House committee issues subpoena for Benghazi documents

By Patricia Zengerle

WASHINGTON (Reuters) - The Republican chairman of a congressional oversight committee ordered the U.S. State Department on Tuesday to provide documents related to "talking points" used to discuss September's Benghazi attacks during subsequent television appearances.

U.S. Representative Darrell Issa, chairman of the House of Representatives panel, issued a subpoena ordering 10 current and former State Department officials to hand over "documents and communications" related to the attacks in Libya last September 11, when four Americans were killed.

Republicans and Democrats have been waging a political battle over the attacks.

Republicans charge that President Barack Obama's administration covered up details of the assault on a U.S. diplomatic outpost out of concern that the incident could tarnish the Democrat's foreign policy credentials during his re-election campaign.

Democrats dismiss the Republicans' concerns as a politically motivated fishing expedition seeking to discredit Obama and former Secretary of State Hillary Clinton, considered a top Democratic presidential contender in 2016.

Many of the cover-up accusations stem from unclassified "talking point" memos from intelligence agencies used to prepare Susan Rice, the U.S. ambassador to the United Nations, for television talk show appearances on September 16.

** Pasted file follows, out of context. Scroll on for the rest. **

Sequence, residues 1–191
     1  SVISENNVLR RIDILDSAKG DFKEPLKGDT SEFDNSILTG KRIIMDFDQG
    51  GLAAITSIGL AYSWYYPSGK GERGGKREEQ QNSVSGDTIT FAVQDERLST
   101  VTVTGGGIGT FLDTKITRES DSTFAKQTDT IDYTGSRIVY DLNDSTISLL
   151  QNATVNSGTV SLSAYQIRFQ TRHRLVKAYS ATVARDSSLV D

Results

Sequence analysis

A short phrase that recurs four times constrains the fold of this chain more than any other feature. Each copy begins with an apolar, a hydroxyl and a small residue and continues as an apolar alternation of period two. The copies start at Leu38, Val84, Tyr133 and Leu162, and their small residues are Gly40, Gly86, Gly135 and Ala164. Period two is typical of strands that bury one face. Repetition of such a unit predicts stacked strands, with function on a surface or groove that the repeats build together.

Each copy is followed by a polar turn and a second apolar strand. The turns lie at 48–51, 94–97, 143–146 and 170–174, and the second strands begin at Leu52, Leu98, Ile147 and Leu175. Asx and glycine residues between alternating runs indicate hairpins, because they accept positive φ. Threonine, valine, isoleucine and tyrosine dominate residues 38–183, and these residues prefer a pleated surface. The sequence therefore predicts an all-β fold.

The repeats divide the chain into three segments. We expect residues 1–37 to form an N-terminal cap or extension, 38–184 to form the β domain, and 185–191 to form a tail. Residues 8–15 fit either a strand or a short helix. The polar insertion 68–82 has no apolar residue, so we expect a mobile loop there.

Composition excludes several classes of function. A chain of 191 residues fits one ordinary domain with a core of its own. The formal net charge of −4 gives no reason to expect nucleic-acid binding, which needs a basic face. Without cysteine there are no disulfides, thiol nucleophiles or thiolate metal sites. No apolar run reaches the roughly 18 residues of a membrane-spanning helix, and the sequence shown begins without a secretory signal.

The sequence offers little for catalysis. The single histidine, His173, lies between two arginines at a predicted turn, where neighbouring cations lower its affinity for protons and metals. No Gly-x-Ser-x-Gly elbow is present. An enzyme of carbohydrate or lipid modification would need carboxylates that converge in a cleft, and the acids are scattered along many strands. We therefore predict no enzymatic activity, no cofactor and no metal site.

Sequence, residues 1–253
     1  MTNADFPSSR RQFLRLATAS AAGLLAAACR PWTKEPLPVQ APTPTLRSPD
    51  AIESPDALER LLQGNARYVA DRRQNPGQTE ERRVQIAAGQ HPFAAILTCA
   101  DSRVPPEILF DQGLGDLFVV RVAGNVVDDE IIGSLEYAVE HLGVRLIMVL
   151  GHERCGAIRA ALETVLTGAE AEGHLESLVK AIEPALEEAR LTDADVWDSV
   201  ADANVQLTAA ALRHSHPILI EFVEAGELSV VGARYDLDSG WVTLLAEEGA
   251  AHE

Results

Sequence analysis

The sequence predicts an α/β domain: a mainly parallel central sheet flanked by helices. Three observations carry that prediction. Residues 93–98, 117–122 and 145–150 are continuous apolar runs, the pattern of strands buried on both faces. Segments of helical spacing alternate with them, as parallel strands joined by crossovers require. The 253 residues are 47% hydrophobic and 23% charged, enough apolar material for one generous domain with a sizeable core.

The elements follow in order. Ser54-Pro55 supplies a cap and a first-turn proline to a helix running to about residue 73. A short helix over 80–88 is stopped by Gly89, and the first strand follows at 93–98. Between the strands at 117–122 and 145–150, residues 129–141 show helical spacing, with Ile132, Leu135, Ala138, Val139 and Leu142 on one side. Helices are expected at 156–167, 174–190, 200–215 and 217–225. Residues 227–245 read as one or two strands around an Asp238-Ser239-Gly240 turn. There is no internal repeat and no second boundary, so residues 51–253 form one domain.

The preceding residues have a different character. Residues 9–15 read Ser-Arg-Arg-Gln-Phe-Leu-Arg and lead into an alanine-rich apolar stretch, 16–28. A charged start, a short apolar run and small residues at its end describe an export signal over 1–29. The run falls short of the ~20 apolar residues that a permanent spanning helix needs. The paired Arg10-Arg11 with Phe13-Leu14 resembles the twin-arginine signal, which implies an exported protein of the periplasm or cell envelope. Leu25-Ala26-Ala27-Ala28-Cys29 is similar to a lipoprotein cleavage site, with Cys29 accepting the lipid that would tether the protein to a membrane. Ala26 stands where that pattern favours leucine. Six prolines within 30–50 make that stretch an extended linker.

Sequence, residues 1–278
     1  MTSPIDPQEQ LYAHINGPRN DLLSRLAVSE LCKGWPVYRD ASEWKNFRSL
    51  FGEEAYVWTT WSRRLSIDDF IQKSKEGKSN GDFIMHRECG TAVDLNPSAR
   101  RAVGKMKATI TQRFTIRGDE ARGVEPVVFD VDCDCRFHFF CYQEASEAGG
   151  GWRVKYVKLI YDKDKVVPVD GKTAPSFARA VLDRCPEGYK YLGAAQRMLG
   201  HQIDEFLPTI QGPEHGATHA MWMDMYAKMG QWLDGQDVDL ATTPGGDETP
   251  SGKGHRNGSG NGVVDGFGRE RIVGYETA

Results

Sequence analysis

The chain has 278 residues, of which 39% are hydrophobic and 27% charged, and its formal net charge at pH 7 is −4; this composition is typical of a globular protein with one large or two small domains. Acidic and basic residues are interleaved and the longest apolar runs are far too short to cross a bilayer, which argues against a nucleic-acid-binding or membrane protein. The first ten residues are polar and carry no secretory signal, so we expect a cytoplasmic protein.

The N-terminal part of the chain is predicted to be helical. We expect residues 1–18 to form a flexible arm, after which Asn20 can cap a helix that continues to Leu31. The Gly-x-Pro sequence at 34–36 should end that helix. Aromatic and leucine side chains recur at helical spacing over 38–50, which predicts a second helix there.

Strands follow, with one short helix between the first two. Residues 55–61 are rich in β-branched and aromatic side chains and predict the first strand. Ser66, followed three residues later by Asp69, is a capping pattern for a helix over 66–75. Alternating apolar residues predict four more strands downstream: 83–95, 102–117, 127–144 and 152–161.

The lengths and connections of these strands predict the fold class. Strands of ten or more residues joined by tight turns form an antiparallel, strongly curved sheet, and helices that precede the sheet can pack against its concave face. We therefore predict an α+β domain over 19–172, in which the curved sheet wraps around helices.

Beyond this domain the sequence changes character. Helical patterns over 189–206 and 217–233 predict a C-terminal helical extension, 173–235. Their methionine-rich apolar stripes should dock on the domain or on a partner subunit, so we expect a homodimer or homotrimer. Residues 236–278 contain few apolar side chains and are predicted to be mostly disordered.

In those appearances, Rice suggested the attacks were a spontaneous protest over an anti-Islamic film rather than a premeditated assault.

The Obama administration insists the talking points were based on the best information available at the time. It has since acknowledged that militants linked to al Qaeda were behind the attacks and there was no demonstration in Benghazi.

It also released 100 pages of copied emails earlier this month documenting the genesis of the talking points.

Issa said the State Department had refused multiple requests to voluntarily provide the material he seeks.

The subpoenaed documents include communications to or from officials including William Burns, a deputy secretary of state; Victoria Nuland, a spokeswoman whom Obama has nominated as assistant secretary of state for Europe; and Cheryl Mills, who was counselor and chief of staff for Clinton.

"The State Department has not lived up to the administration's broad and unambiguous promises of cooperation with Congress. Therefore, I am left with no alternative but to compel the State Department to produce relevant documents through a subpoena," he said in a letter to Secretary of State John Kerry accompanying the subpoena.

State Department officials had no immediate comment on the subpoena, which set a deadline of June 7 for Kerry to provide the material.

(Additional reporting by Lesley Wroughton; Editing by Philip Barbara)